Yom Shishi, 21 AdarI 5781
Friday, 5 March 2021
Parashat Vayera 2011

Parashat Vayera by Rabbi Anna Gerrard
11 November 2011

“Some time afterward, God put Abraham to the test. He said to him, ‘Abraham,’ and he answered, ‘Here I am’.”  (Genesis 22:1)

This weekend, the London Symphony Orchestra celebrated the 600th birthday of Joan of Arc with a series of events and concerts.  I was invited to take part in a panel, entitled ‘Women in the Church’ and addressing issues such as female religious leadership, women in traditionally male roles, Joan of Arc as a source of inspiration and the issues around women’s professional clothing.

Like Abraham, Joan of Arc believed she was instructed by and tested by God to carry out acts that were violent and sometimes ethically questionable.  And like Abraham, she is revered for her complete faith in God.  I would therefore like to share with you my contribution to the panel as a commentary on this week’s Torah portion.

Coming from a very different tradition, to what extent do I   find the story of Joan of Arc inspiring as a female religious leader?

I am going to follow Jewish tradition by giving two contrasting responses to the question.  On the one hand, I am inspired by the idea of a figure, and a female figure at that, who had such utter conviction in her faith.  Joan of Arc, like many Christians whom I meet today, had a sense of faith and piety to which I could only ever aspire.

When I have attended Christian prayer services, I have often been struck by a solid and profound sense of faith.  So to imagine the life of a woman like Joan of Arc who was not afraid to speak from the very core of her faith, who was prepared to risk her own life by declaring that her very existence was destined by God, fills me with a sense of awe and a tinge of envy.

As a Jewish religious leader, particularly as a Liberal Jewish leader, faith is quite a small part of our engagement with the Jewish community.  On both a personal and a professional level, faith has an equal place alongside culture, identity, experience, heritage and learning.  As a Liberal Rabbi, it can sometimes seem that the greatest taboo when writing a sermon is to talk about God!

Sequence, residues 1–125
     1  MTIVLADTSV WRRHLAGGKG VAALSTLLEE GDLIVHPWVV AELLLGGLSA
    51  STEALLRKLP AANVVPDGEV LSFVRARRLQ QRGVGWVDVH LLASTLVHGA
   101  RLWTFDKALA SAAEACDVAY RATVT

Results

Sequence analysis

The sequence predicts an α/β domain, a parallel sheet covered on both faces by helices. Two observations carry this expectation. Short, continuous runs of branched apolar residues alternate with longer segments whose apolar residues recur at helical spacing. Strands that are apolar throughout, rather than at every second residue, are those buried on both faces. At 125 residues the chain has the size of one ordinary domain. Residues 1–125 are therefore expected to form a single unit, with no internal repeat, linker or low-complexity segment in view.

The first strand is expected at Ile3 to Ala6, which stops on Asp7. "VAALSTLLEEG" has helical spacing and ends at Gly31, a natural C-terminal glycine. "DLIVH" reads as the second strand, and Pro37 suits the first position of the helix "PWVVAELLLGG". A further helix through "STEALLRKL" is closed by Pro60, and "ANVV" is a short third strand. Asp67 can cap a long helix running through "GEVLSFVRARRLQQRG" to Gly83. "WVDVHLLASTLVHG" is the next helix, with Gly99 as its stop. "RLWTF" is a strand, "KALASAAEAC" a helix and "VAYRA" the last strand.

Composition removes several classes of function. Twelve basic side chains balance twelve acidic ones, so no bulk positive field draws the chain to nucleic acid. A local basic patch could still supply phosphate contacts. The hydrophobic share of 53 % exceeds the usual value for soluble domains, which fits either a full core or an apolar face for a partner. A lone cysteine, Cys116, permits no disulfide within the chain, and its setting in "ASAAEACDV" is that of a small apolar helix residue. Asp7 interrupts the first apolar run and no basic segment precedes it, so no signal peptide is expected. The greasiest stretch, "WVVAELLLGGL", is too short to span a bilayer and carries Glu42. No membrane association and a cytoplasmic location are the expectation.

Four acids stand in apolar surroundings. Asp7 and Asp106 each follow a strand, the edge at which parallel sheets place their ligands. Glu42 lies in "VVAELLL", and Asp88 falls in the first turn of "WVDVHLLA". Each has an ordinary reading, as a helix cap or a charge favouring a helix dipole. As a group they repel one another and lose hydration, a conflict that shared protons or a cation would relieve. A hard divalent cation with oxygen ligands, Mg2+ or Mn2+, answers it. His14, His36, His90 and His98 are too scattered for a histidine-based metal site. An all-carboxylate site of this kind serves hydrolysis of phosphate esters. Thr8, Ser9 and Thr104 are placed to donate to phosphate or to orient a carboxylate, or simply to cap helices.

On the other hand, I am disturbed by the element of religious fanaticism in Joan's story.  As a Liberal Jew, my theology is pluralist, accepting the validity and spiritual integrity of other faiths, and my God is not a personal God who assigns our fate but a higher spiritual presence that inspires us to become better people by striving to emulate our own concept of the divine.

The use of religion to justify military action, while I recognise that it has been a part of my own religion as much as any other, is something that I cannot comprehend or accept.  Any kind of fundamentalism or religious belief that blinds us to the human reality of the situation or to the human dignity of the other has no place in my own religious worldview.

Of course I am inspired by Joan's courage to fight for her rights as a woman in a patriarchal society.  I have to continually remind myself how privileged I am to belong to a Jewish movement that has had female religious leaders for nearly forty years.  As a young woman entering the Rabbinate in the 21stcentury, my gender has never been an issue and I owe that to the pioneering women who came before me.

Together with the women who fought to be Rabbis in the 70s, together with Jewish women throughout history who fought for their right to a full Jewish education and an equal place in communal life, Christian figures such as Joan of Arc are part of the heritage that allows me to be where I am today without having to put up a fight.